the rest of the family are automatically listed there too. When
subsequently viewing the child's Person form you find that the program
has automatically entered parents and siblings correctly and you can
then enter further details.
It is not possible to delete a marriage without first removing all of
the children of that marriage, a tedious process I must admit .
Flags, useful for selection, can be set to store information on, say,
direct relations there are eight definable fields. Editing is
straightforward and it is easy to move around from one record to another
with just a click of the mouse.
From the Set Preferences menu you can do automatic backups at timed
intervals and also customise the way many of the functions of the
Currently, Family Tree will import and export in GEDCOM format all data,
except the custom designed flags , and I have never encountered any major
problems moving information between Family Tree and programs written for
other operating systems such as Windows and Macintosh.
Ascestors and descendents can be displayed and printed as charts with
each successive generation indented. However, it is the marvellous
'Custom trees' that makes this a 'must have' program, but this function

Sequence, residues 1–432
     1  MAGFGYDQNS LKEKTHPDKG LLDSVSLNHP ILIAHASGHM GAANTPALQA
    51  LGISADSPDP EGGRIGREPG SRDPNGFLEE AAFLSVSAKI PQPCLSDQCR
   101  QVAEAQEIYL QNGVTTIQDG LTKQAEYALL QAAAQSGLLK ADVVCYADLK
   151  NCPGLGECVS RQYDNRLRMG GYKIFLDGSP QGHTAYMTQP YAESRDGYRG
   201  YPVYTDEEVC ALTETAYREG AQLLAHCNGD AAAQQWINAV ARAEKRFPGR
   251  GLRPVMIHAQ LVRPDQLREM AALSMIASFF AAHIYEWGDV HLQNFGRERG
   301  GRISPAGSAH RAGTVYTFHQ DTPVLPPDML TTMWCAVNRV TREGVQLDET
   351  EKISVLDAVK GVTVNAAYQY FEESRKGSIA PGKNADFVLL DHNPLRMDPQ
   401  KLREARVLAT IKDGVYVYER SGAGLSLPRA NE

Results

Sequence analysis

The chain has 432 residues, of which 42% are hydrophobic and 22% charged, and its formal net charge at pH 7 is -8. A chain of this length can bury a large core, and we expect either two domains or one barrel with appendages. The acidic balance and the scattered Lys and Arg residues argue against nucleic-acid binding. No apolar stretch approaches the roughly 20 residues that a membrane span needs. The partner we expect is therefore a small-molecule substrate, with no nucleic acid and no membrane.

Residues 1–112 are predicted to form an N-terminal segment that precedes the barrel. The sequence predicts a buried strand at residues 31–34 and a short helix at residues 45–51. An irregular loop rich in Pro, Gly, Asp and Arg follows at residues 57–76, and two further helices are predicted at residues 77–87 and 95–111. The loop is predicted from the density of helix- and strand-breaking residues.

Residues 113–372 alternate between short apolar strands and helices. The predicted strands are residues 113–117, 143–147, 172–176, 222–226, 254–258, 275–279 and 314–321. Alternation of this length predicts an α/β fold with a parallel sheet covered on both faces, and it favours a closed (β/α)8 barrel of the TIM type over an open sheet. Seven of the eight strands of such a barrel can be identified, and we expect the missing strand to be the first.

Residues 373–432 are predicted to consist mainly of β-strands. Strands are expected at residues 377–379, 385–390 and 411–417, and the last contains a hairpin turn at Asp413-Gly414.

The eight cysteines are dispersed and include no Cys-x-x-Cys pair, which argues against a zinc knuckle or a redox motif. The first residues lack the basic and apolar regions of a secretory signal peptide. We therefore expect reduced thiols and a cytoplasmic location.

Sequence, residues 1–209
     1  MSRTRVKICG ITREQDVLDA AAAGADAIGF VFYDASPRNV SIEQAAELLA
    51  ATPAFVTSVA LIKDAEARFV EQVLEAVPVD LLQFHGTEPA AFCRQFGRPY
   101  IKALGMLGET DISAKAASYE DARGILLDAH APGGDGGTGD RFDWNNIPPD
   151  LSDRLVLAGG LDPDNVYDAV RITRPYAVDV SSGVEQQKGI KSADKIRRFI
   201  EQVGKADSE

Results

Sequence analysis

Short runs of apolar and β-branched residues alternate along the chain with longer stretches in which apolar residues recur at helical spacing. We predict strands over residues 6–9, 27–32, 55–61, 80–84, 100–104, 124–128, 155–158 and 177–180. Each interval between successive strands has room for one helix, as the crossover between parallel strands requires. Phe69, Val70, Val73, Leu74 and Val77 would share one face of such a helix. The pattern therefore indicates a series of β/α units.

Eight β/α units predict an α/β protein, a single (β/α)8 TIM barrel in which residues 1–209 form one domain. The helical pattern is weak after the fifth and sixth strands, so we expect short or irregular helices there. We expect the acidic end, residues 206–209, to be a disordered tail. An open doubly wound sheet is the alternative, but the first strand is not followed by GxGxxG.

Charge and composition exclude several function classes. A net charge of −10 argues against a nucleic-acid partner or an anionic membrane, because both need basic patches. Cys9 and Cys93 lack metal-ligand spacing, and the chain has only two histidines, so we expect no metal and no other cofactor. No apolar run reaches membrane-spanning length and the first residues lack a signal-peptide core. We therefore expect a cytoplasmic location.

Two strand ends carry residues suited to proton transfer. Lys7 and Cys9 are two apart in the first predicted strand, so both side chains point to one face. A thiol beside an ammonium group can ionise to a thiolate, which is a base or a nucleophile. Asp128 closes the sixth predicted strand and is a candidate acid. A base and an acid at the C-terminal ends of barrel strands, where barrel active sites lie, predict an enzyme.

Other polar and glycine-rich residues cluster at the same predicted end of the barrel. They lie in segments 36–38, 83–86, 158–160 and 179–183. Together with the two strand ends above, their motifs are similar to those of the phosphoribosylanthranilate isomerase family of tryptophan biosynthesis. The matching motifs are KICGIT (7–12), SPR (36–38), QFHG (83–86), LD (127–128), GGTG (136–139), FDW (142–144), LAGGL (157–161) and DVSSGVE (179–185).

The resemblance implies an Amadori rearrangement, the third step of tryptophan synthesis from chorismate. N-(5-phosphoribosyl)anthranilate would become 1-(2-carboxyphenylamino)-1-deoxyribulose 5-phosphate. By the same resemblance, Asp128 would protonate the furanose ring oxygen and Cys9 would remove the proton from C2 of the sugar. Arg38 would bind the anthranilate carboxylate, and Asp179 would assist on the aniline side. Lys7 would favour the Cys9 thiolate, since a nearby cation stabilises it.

is only available with the GDOS or SpeedoGDOS graphics handling utility
To start a custom tree you select NEW from the Custom menu and the
Person Selector opens to allow you to choose the first person in your
Custom tree. The program then opens a full screen window with that
person's name in a dashed line box at the top left hand corner.
If their parents are included in the database there will be a small
box drawn at the centre of the top of the box ans similarly, boxes appear
for children and spouses. Clicking on any of these boxes will add their names,
neatly entered relative to the original person. As you can then position
them on the page, compiling drop line charts with this program even easier
than drawing by hand with much better printed results.
The tree of Figure 2 demonstrates the facility of using any mixture of fonts
to produce trees which rank amongst the best computer generated ones I've seen.
It is perhaps the way that the display of trees is handled that, in my
opinion, makes Family Tree more than a match for other program available
Oh, and I've left the best bit until last. This program is in the Public
Domain and is available on two floppy discs (AP351 and AP 352) for only
£ 3.75 from FaST Club, PO Box 101, Nottingham NG2 7NN (tel:0115-945-5250,
fax: 0115-914-0545 and e-mail: firstname.lastname@example.org).
Figure 1: Person Entry screen
Figure 2: Example of a tree
About the author: Glyn Hale is a Music Technology Consultant
The design, all articles, presentation of
information and layout of this
site are Copyright © Glyn Hale 1999